Tovey: Sonata for Solo Cello. The work by this composer that has impressed me the most so far. (The Symphony in D major is quite good but suffers from a rather subpar recording on Toccata Classics.) The first two movements are very good, but the crowning achievement here is undoubtedly the final Passacaglia, a masterful and fearsomely virtuosic edifice of a movement which keeps accumulating energy as it progresses. This is a work worthy in greatness of standing alongside the Kodaly solo sonata, with which it is coupled in the fabulously committed recording by Nancy Green on JRI Recordings (the only one available, I think).

Huge thumbs up for the Bacewicz and the Niigaki. In fact, I consider all the 7 SQs by Bacewicz being really marvelous stuff, each quartet seems more advanced than the previous one, but not for that less fascinating.

Samuragochi/Niigaki hyper epic symphony was a tremendous revelation when I heard it. The Mahler hints are spot on, and I dare to say any fan of the latter is in safe field if they give it a try.

The Tovey looks enticing. As for his chamber works, the SQ No. 1 and the Aria and Variations for SQ are the only works I know of his, and they're incredibly lovely and wonderfully crafted. Music to dream.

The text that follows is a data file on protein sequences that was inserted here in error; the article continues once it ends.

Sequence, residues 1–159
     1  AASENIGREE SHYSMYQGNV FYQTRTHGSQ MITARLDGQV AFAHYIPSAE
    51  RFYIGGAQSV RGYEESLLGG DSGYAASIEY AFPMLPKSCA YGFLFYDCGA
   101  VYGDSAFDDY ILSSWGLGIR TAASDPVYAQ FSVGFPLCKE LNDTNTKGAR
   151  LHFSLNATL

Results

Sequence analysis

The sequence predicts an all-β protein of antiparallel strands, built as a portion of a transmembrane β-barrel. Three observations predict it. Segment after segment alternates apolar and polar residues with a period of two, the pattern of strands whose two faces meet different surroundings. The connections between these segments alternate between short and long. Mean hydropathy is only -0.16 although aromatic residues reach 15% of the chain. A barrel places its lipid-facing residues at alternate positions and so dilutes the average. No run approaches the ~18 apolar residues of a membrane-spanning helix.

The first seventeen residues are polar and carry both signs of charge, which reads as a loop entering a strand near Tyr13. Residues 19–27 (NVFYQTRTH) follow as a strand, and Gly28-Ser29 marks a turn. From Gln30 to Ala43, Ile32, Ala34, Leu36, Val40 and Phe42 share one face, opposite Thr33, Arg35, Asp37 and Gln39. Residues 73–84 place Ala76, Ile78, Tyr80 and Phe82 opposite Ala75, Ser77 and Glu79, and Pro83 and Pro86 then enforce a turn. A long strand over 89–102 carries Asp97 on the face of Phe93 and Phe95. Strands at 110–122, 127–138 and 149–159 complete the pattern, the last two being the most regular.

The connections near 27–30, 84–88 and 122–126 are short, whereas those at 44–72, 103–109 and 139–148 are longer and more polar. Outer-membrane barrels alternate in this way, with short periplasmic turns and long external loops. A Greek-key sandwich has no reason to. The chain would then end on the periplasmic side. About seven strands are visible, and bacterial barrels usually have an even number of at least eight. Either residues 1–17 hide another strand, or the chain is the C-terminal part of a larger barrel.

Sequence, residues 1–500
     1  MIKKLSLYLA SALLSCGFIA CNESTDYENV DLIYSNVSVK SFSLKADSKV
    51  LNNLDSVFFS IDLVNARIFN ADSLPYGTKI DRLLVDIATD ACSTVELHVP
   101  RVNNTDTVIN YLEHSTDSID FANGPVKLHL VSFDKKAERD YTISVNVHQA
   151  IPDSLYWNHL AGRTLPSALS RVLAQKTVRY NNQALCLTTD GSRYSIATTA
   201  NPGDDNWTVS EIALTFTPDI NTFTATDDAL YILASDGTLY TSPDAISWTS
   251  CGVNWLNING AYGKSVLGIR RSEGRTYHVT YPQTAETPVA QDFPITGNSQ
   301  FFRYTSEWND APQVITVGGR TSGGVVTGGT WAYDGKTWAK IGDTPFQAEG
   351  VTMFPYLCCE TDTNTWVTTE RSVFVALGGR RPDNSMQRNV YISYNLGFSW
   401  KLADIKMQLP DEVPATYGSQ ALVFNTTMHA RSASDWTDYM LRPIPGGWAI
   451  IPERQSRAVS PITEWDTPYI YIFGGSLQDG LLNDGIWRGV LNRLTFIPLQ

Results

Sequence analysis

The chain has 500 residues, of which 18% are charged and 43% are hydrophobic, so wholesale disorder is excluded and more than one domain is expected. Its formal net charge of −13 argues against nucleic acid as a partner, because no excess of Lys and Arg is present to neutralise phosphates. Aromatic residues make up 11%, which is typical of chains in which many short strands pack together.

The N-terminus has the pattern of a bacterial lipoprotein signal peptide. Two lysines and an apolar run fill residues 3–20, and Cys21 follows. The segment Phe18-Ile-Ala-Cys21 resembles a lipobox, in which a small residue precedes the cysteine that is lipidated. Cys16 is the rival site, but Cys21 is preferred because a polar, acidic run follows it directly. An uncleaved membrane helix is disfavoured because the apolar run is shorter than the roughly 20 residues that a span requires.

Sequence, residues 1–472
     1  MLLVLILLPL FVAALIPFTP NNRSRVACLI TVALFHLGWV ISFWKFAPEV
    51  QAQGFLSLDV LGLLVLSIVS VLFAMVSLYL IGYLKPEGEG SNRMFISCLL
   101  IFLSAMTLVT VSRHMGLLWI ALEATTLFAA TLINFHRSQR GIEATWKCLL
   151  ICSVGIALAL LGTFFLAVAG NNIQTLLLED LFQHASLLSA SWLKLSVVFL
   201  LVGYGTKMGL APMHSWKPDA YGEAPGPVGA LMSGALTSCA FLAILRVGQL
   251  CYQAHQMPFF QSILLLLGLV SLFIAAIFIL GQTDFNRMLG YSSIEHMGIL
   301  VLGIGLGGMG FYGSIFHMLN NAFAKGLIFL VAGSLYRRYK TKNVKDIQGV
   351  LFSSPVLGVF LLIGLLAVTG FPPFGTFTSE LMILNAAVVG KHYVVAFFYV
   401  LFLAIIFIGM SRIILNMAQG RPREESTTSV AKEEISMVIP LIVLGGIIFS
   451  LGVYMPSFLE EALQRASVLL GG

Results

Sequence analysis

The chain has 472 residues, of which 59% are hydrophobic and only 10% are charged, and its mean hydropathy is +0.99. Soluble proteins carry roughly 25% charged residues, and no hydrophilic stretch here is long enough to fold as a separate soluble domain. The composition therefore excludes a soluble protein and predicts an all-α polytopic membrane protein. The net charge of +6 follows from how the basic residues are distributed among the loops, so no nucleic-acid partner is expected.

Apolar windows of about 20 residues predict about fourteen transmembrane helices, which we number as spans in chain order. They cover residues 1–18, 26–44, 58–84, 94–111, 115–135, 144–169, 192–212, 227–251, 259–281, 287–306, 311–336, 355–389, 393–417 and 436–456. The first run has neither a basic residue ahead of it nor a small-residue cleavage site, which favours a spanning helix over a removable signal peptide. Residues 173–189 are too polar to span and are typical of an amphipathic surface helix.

Offline kyjo

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Re: Pieces that have blown you away recently
« Reply #1006 on: December 23, 2019, 08:59:56 AM »
Huge thumbs up for the Bacewicz and the Niigaki. In fact, I consider all the 7 SQs by Bacewicz being really marvelous stuff, each quartet seems more advanced than the previous one, but not for that less fascinating.

Samuragochi/Niigaki hyper epic symphony was a tremendous revelation when I heard it. The Mahler hints are spot on, and I dare to say any fan of the latter is in safe field if they give it a try.

The Tovey looks enticing. As for his chamber works, the SQ No. 1 and the Aria and Variations for SQ are the only works I know of his, and they're incredibly lovely and wonderfully crafted. Music to dream.

Interestingly, I recall Bacewicz’s 2nd SQ being more astringent (and less compelling) than the 4th. My interest is definitely piqued to explore the whole cycle!

Glad to see someone else knows the Samuragochi/Niigaki symphony! A really thrilling and ultimately moving work.

I’ll have to check out those two Tovey works you mention. Last night, I was listening to his Piano Quartet, which has a rather dull first movement but a gorgeous theme-and-variations second movement.
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Offline Symphonic Addict

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Re: Pieces that have blown you away recently
« Reply #1007 on: January 08, 2020, 06:09:34 PM »